Microsoft's VoIP and video chat app on Windows Phone has a few bells and whistles, but misses out on the high-quality video and features found in other Skype apps.
Looks-wise, Skype for Windows Phone is almost identical to the Android and iOS Skype apps. Unfortunately, the video quality isn't as impressive as it is on other platforms, and the app is missing a few features.
Skype is a service that lets you send instant messages and place video and voice calls over the Internet. What started as a desktop app eventually moved to mobile, with Windows Phone getting the app last, in February 2012, just four months after Microsoft's acquisition of Skype for $8.5 billion was finalized in October 2011.
You'll need to sign in to a Skype account to use the app. If you don't already have one, you can sign up from the app, but I don't recommend it, as once you tap "create a Skype account," the full-size sign-up page launches in Internet Explorer, which is a pain to fill out on a smartphone-size screen. This is not the case with the other mobile Skype apps.
If your Skype account is already linked to your Microsoft account, you can sign in with those credentials. However, if you haven't already linked your Skype and Microsoft accounts, you can't do it from the app -- you'll need to download a desktop version of Skype to accomplish that.
It's disappointing that there's no way to sign in with the Microsoft account that you must have set up on your phone in order to have downloaded the app in the first place. It's worth noting you can't link your Skype and Microsoft accounts on any of the mobile apps, either, but I was hoping Microsoft would put a little more thought into the app it built for its own mobile platform.
Instant message, voice calls, and video chat
After you sign in, you see your most recent Skype activity first, including phone calls and chats. On that main screen, you can quickly make a voice call or start a new chat. Unfortunately, you can't easily initiate the most-used feature of Skype: video calling.
Starting a video call is a tedious process that involves swiping over to your contact list, shown in the app as "People," tapping on a person's name, then tapping the video camera button that appears. The app then launches your front-facing camera and shows the other person's video feed full-screen, with your video feed in a smaller window on the right. You can switch the camera or turn off the video altogether, plus you can mute your microphone.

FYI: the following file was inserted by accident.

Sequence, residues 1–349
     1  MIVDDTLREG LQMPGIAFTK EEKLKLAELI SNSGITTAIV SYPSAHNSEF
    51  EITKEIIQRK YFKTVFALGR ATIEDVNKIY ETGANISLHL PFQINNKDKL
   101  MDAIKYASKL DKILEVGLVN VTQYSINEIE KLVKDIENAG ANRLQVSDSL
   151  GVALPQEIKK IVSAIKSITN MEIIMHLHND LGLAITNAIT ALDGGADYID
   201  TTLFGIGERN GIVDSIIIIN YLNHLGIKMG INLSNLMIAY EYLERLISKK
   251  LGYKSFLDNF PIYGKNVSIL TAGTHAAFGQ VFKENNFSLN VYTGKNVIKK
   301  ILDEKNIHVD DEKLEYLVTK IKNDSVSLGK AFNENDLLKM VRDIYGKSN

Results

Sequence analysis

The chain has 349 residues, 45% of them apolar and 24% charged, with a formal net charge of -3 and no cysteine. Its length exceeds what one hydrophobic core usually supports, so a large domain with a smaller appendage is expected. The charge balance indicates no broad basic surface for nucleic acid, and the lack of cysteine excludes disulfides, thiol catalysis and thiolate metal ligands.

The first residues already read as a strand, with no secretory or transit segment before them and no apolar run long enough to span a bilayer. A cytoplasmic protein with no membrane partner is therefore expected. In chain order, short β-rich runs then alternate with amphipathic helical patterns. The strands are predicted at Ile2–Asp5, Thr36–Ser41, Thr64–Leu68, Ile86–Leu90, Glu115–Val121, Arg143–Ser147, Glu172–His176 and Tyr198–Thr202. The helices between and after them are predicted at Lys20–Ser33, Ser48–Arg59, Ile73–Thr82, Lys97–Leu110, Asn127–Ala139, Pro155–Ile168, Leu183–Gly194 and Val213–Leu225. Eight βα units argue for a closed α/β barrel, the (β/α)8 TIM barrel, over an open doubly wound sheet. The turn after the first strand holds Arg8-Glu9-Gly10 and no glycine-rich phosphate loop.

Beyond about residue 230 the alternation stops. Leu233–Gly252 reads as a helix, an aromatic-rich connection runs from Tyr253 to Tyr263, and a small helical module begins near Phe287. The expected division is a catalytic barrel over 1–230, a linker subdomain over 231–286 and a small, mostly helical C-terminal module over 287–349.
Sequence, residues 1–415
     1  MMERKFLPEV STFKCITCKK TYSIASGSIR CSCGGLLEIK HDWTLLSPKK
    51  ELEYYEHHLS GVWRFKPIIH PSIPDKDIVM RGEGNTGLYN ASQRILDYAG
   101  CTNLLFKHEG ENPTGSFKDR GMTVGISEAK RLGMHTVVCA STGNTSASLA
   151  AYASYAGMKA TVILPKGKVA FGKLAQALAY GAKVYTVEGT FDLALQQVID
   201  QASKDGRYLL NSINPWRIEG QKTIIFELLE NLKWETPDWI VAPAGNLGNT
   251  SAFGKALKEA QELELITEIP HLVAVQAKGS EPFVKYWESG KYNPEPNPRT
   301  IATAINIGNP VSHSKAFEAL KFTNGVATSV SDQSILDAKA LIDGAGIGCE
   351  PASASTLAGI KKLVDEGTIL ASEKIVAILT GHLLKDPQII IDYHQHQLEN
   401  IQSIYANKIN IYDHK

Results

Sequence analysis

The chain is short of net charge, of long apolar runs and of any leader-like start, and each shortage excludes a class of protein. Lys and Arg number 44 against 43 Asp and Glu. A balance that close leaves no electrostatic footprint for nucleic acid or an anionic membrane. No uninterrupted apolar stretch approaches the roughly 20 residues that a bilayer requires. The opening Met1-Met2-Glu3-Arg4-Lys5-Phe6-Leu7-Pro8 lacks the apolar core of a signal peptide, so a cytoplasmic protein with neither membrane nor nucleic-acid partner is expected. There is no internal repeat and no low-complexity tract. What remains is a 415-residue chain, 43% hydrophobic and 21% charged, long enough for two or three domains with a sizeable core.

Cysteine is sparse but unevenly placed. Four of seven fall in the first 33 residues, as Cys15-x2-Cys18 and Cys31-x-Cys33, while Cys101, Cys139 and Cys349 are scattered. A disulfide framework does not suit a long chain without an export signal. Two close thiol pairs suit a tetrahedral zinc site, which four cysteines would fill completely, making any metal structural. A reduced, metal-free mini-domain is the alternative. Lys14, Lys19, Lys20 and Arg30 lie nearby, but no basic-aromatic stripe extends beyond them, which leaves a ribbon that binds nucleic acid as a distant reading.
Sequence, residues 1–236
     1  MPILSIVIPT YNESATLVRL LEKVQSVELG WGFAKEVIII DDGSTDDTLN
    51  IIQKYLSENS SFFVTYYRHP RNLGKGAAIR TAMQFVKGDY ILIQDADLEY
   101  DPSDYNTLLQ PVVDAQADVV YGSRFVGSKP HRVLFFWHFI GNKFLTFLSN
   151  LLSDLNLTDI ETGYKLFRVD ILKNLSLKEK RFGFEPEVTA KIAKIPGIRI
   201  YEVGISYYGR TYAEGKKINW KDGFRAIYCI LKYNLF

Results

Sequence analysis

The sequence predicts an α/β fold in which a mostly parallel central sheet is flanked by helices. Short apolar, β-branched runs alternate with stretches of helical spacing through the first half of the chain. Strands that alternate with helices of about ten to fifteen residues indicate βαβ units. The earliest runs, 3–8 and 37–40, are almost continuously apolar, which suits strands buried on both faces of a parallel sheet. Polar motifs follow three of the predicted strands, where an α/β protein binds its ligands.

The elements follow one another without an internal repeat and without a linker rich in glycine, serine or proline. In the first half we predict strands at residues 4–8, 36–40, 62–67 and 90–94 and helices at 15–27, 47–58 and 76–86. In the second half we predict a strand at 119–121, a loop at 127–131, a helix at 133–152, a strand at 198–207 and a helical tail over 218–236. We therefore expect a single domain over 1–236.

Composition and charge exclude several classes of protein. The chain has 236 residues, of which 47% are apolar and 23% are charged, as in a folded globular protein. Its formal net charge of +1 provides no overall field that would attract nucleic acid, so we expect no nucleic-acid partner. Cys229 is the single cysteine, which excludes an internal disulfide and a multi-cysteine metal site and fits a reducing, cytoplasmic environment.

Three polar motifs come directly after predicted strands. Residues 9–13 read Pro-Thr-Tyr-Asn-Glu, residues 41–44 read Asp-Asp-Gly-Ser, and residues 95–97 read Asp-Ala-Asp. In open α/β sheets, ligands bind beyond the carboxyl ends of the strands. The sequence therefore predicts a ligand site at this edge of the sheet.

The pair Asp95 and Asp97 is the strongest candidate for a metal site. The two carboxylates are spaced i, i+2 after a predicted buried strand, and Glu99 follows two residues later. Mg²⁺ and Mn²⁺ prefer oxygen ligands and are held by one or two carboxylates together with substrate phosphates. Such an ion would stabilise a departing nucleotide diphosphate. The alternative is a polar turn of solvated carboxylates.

In order to test the video call quality, I used two Windows phones (a Nokia Lumia 925 and HTC 8X) and two Android handsets (Samsung Galaxy Note 2 and Galaxy S4) on the same Wi-Fi network standing in the same location. Video calls between the two Windows phones looked unimpressive and overall fuzzy. Calling from Windows phone to an Android phone gave me slightly sharper video quality, but nowhere near as clear as Skype on Android.
Voice calls performed better, with no significant audio issues, though both video and voice call quality depends on your data or Wi-Fi connection, so your experience may be different.
In September 2013, Microsoft updated Skype on Windows Phone to include video messages. Unlike a video call, which requires that the other person be online so you can have a conversation, you can simply record a video message and send it off for your recipient to view the next time he or she signs in to Skype.
To make a video message, select a name from your contact list to begin a chat. When the chat screen appears, tap the tiny plus sign icon next to the text box and select video message.
The app then launches your front-facing camera (there is a button to switch cameras here), and once it focuses, you can start recording by touching the red dot. There's a 3-minute limit for your message, but if you want to make it shorter, tap the red button again to end recording and review your video before you send it.
I had a lot of fun with the video message feature since it was easy to use and the videos I recorded looked clear. I sent a video to a friend over Wi-Fi, and he said it looked good on his end as well.
A notable feature of Skype on Windows Phone, that doesn't exist on the Android and iOS apps, is group chat. Once you start a chat with one person, you can tap the plus sign next to the text box to add participants from your contact list. However, you can't add additional people to a video or voice call, a feature that's only available on Skype's Windows and Mac apps.
Though the Windows Phone version of Skype gets a boost with group chat, it's missing features found in the other mobile Skype apps. For instance, you can view your Skype profile in the app, but you cannot manage your account or purchase Skype credits. Credits allow you to make voice calls to landlines and mobile phones in the app (voice and video calls to other Skype users and messages are free). To make changes to your Skype account or buy credits, the app opens a Web page in you phone's browser, but in the iOS and Android versions, you can do both without leaving the app.
For an app built by Microsoft for the company's own mobile operating system, I was hoping that Skype for Windows Phone would have at least the same features found on the other mobile apps. But as is the case with many Windows Phone apps (see Microsoft's own Facebook app), if you want to make any account changes, you'll have to use a Web page on your phone's browser instead of staying in the app.
While the app does pack the core Skype features into a simple, clean interface, and includes a few welcome extras to boot, its so-so video quality and lack of functionality make it feel half-baked. For messaging, video chatting, and calling your friends and family when you're away from a computer, Skype for Windows Phone will get the job done. Power users will want to stick with Skype on Windows or Mac for better video and advanced features.